There is bailout room on the right, but a lake comes into play on the left. However, the real challenge is the trap-door green. The two-tiered green is higher in the front and drops off dramatically in the back, which is not apparent from the fairway.

"If you look at the green from the back, it looks like it should be the approach," Bessette said. "If you are on the wrong side of that green, either way, it can get pretty ugly. But that hole is still a lot of fun."

The tee shot on the 435-yard 11th hole must cross another large lake, although it's not as long a carry as on No.6, but it also must clear trees on the left side. Another tree awaits on the left side of the fairway, with more mounding on the right.

The hole is framed by palms on the left and Tamarisk cedars on the right.

"There is trouble from beginning to end," Bessette said. "You have a narrow opening to hit the tee shot and even when you get close to the green you can't tell it slopes from back to front and left to right."

The finish is strong, with the funky 17th hole, only 310 yards, and the 414-yard 18th hole.

No. 17 is a dogleg right, which gives you little perspective from the tee for a target. There are mounds down the right side and three trees on the left side of the fairway that block the approach to the green.

"The trees were so high before that it was tough to hit over them, so we topped them," Bessette said. "I think we overdid it a bit and it took something away from the hole. But it's still a tough approach to a green that might be the smallest on the course, along with No. 5."

The finishing hole, which turns slightly to the left, has three of the 10 bunkers on the course-one in the driving area down the left side and two protecting another green that slopes severely from back to front.

The hole is framed by palm trees and the Funeral Mountains beyond the golf shop.

"It takes two big shots to get there," Bessette said. "It's a great finish."

You can add up your score at the 19th Hole, perhaps the best watering hole in Death Valley, behind the final green.

Or head over to the Wrangler Steak House, the Corkscrew Lounge or the Forty-Niner Café next door at the Furnace Creek Ranch, where you can stay in the family-friendly motel or at the campground.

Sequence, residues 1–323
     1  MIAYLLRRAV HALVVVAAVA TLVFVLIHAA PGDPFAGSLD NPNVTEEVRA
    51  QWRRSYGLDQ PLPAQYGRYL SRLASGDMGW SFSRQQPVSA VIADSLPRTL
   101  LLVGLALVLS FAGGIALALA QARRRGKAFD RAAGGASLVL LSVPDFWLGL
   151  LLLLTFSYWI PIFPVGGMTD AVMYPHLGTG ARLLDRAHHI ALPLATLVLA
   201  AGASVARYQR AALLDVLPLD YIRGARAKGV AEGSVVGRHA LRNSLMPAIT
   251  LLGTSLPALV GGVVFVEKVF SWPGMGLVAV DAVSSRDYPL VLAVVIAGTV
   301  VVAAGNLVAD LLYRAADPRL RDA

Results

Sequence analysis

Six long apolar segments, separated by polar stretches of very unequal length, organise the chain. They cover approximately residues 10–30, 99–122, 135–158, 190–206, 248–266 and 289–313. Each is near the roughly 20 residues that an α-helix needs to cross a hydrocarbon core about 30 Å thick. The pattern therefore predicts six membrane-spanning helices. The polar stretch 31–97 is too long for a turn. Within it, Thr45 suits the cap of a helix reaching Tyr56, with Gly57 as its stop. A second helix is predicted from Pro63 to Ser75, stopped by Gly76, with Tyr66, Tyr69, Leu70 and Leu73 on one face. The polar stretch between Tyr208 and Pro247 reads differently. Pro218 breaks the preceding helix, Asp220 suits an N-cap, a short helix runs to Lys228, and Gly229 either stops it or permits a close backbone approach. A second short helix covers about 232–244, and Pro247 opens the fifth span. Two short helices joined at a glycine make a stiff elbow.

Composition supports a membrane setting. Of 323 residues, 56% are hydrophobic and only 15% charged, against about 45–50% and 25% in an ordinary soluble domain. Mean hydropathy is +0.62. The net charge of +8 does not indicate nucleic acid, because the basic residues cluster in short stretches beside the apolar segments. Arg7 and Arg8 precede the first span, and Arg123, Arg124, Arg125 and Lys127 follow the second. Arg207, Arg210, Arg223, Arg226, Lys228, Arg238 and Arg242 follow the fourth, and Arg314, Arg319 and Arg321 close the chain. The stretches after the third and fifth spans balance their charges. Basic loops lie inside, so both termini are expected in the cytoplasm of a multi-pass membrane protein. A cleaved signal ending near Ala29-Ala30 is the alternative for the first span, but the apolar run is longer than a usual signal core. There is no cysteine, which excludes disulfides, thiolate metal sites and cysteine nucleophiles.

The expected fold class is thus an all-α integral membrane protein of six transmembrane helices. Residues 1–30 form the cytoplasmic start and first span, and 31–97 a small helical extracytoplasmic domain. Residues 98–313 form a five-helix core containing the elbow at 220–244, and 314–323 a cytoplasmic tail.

Death Valley, which was inhabited until then by Panamint, Paiute and Shoshone Indians, was stumbled upon in 1849 by explorers from Kansas coming from Utah in search of a shortcut to the Gold Rush in California.

They were trapped at the lowest point in the Western Hemishere, which officially is 280 feet below sea level at what is now known as Badwater. It' s one of those curiosities of nature that Mt. Whitney, the highest point in the continental United States at 14,495 feet, is only about 100 miles away.

When the Jayhawkers finally escaped five weeks later, one woman.

unwittingly named the area when she said in relief, "Goodbye, Death Valley." Reagan and Death Valley Days helped make the area famous, along with the Pacific Coast Borax Co., which sponsored the show. Borax, a cleaning agent, was found in Death Valley in 1881, and the company's famous 20-mule teams hauled the borax 120 miles from the mines to the closest railroad route in Mojave.

In addition to Reagan, Hollywood personalities including Jimmy Stewart, William Powell, Bette Davis, Claudette Colbert and John Barrymore stayed at the luxurious Furnace Creek Inn, which opened in 1927 and has been restored to its 1930s grandeur.

Among the films shot in Death Valley, which is located 120 miles from Las Vegas and 285 miles from Los Angeles, were Star Wars, The Greatest Story Ever Told, One Eyed Jacks, The Doors and Spartacus.

"There has been a lot of filming here over the years and the stars all stayed here," Jepson said. "We know Reagan stayed here. We have pictures of him and a check he signed to pay his room bill. We're trying to get some of the old Death Valley Days shows so we can play them on TV in our guest rooms."

After you've played the course, be sure to visit some of the natural and man-made wonders of Death Valley, such as Stovepipe Wells, Telescope Peak, the charcoal kilns in Wildrose Canyon, Scotty's Castle, Mustard Canyon, Zabriskie Point, the mysterious Moving Rocks at the Racetrack and Ubehebe Crater-which was caused by a volcanic eruption 4,000 years ago.

But don't try tee it up at the Devil's Golf Course, a wretched piece of land named by someone with a perverse sense of humor.

"We get calls from people making reservations all the time saying they want to play both our golf course and the other one," Jepson said. "They just see the name on a map. We have to tell them this is the only place around here to play golf."

Fittingly, it's a course to Dye for in Death Valley.

For Diehards Only

When the temperature rises during the summer, golfers can take advantage of Furnace Creek's "Extreme 6-Pack." For $25, those willing to venture onto the course receive can play nine holes of golf with rental clubs, golf balls, tees, an electric cart and a thermos of ice water provided.

"We get about 10 or 12 players a day during the summer," said Randy Crist, assistant to Director of Golf Kip Freeman. "But there are a few days that it gets so hot that nobody at all plays.

"But we have a local group that plays every Saturday, not matter how hot it gets. Most people play first thing in the morning or late in the afternoon."

Tom LaMarre, Contributor

Tom LaMarre has been a sportswriter and copy editor in California for parts of five decades, including 15 years with the Oakland Tribune and 22 with the Los Angeles Times.